May 13, 2019
SPOTLIGHT: Arts Learning
Rigor. Risk. Relevance. These are the features of the strongest arts learning programs. And, research shows, these are some of the things that young people need to develop the personal, social, and intellectual skills critical to success in life, school, and work.
The fusion of youth development principles with arts and culture is a natural one. The strongest arts learning programs:
- Are rigorous and provide deep learning in an art form
- Give young people the chance take safe risks through self-expression and experimentation
- Are relevant to the lived experience of young people
- Help young people connect with and make sense of other aspects of their education and their lives.
Ultimately—these are the skills of an artist, and they support the healthy development of young people.
The Fry Foundation’s funding strategy in Arts Learning has been two-fold:
- To invest in the highest quality programs that provide high degrees of rigor and engagement and reach students with the highest need.
- And to invest in efforts to improve the policies and conditions that make it more likely all CPS students will have access to arts learning opportunities. The Foundation currently supports 40 arts organizations that primarily serve low-income children and youth in Chicago. This portfolio includes a range of arts organizations from large major cultural institutions to smaller culturally specific arts organizations.
The Foundation looks for high-quality arts instruction programs that include the following elements:
Clear learning goals that articulate what students will learn in the arts
Experienced instructors who are experts in the art form and instruction
Well-designed curriculum and lesson plans that guide instruction
Duration of no fewer than 20 hours of instruction
Appropriate space, resources, and materials required for successful learning in the art form
Exhibition and performance opportunities
Exposure to professional artists, performances, and exhibitions
A track record of effectiveness that demonstrate the depth and trajectory of student learning
Evaluation and reflection that drives program improvements
A focus on serving low-income Chicago
Programs serving teenagers emerged as an area of strength among our grantees
Fry Foundation grantees have experience working in high schools. Grantees report increased demand for programs serving teenagers, and grantees are developing new strategies to help retain students as they transition from grade school to high school. When grantees were asked in a Fry Foundation survey about which organizations they most admired and why, a set of grantees serving teenagers were consistently listed as highly respected by their peers.
These admired organizations stand out for their ability to provide high-quality arts instruction and for the ways they support the development of young people, an approach known as Creative Youth Development in the Arts.
How the Fry Foundation is helping grantees advance Creative Youth Development in the Arts
Fueled by rising demand among teenagers for arts programs that meet their artistic goals in environments that are aligned with where they are developmentally, the Fry Foundation is working with grantees to deepen or expand their programs for teenagers. We are supporting several grantees to test new program strategies, including ways to best serve students as they transition from grade school to high school.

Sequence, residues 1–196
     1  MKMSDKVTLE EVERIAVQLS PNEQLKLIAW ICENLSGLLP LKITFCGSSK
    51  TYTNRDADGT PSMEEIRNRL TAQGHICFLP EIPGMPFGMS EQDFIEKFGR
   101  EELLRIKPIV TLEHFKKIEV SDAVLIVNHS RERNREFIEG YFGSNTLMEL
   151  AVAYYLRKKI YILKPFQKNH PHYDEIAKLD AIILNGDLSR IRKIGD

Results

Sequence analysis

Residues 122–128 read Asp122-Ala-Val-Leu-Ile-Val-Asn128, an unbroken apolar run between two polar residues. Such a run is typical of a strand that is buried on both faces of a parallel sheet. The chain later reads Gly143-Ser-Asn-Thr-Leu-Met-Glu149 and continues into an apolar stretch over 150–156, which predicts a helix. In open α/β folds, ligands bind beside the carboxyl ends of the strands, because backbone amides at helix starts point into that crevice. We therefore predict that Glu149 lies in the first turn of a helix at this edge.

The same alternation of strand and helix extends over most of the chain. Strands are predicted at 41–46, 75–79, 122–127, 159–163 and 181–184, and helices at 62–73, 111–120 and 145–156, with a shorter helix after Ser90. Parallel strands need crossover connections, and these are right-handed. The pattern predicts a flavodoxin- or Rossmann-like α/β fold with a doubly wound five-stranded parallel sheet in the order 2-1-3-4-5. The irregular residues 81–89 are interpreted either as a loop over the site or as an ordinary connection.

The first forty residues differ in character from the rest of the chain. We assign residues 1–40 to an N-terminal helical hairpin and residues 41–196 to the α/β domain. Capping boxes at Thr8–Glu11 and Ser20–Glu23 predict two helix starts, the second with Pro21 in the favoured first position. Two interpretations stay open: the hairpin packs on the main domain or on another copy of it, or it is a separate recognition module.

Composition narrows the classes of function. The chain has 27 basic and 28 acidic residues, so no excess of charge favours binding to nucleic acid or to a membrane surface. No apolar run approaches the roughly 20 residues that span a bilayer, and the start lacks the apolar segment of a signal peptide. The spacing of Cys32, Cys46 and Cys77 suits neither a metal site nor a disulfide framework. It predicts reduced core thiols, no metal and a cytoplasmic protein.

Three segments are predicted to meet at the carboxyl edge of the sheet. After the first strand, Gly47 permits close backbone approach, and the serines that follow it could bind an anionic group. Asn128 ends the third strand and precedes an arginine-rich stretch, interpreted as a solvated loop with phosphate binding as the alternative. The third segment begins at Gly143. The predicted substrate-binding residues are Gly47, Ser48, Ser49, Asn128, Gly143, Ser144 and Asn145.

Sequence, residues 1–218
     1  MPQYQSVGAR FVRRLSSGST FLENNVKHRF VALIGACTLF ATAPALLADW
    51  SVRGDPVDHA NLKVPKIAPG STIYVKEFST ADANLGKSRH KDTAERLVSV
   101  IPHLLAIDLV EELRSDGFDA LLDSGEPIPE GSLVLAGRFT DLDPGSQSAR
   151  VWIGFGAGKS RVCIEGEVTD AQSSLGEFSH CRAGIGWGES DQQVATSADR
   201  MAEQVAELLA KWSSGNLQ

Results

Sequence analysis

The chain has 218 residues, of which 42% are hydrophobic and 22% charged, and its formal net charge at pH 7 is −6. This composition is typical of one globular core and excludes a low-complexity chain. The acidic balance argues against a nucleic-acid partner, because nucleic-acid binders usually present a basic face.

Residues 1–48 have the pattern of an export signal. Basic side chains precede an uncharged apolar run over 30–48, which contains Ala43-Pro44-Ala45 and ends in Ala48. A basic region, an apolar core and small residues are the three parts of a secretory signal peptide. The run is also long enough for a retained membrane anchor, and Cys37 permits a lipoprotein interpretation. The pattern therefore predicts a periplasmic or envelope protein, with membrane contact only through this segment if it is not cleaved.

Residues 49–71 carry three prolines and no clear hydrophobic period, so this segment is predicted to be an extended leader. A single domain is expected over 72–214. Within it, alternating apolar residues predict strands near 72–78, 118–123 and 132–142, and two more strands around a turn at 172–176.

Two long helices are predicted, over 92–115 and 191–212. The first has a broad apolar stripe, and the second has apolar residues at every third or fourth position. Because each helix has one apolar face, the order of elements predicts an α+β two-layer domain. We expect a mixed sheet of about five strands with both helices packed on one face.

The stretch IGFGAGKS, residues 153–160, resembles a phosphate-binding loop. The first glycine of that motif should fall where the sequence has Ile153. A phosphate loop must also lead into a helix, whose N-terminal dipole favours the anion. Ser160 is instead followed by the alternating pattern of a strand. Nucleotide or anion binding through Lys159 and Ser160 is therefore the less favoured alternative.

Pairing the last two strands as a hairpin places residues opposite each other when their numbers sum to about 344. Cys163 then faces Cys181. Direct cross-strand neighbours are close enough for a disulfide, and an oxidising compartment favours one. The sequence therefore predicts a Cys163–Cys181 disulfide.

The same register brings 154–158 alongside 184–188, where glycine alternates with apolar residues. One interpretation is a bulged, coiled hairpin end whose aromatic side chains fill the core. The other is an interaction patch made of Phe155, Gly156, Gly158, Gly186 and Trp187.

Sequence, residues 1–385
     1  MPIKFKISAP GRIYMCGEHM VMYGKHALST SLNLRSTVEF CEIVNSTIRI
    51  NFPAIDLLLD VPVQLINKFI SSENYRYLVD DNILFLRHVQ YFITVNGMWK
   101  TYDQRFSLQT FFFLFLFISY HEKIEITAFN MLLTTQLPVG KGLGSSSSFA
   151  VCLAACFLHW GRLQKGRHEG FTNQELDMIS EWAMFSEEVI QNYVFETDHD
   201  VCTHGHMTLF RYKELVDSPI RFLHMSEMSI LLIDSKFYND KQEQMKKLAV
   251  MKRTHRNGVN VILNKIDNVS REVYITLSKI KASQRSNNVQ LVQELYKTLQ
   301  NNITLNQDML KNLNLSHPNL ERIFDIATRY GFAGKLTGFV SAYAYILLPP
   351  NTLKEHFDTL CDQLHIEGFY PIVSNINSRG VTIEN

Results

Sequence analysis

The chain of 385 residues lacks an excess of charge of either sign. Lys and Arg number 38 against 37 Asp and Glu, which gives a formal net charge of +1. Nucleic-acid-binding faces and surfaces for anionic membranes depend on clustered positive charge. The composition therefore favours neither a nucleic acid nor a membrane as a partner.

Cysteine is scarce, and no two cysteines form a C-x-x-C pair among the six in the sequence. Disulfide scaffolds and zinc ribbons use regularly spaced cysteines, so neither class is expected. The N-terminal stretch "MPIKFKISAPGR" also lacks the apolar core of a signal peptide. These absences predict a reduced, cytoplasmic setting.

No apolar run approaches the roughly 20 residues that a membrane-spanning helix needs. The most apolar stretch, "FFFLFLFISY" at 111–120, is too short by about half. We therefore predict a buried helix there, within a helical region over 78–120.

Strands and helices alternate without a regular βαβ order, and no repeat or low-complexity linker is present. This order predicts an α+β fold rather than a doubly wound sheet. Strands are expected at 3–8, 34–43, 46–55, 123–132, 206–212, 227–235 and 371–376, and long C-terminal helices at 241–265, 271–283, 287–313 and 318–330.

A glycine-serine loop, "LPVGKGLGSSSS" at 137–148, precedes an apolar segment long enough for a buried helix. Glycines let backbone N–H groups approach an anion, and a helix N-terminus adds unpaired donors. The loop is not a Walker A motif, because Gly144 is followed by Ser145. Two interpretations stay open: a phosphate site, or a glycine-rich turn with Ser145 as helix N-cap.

In programs provided by the Chicago Children’s Choir, the rigor of instruction and the complexity of curriculum increases as students progress through the program. This approach creates a pathway of high-quality arts instruction that sets high expectations for all members of the Choir. It allows students to grow in their artistic practice while taking on greater responsibility and leadership in the Choir, skills instrumental for long-term success in school and life. The Fry Foundation is helping the Choir pilot a school-based program that guides middle school students through the tricky moment when voices are changing and a student’s love of singing can dampen. We hope this effort will help students stay on a pathway of music learning through high school and beyond.
Red Clay Dance is a new grantee in the Arts Learning portfolio. Red Clay is a seasoned professional dance company that performs a diverse repertoire of contemporary dance inspired by artistic culture from the African Diaspora. Red Clay’s dance education program offers a robust menu of programming that builds skills and dance technique. Its in-school dance residencies are deft at balancing rigorous dance instruction steeped in ballet, African, and contemporary dance with opportunities for students to choreograph and perform original work. In the creation of original work, students collect stories from their communities, identify a theme, and collaborate to create choreography based on the stories collected. The balance of instruction and creation allows students to develop new skills; experiment; and take both personal and artistic risks—just like a professional artist.
The Fry Foundation continues to look for opportunities to help grantees reach more teens; work with more high schools; and test new instructional ideas or program models that could advance their work with teens.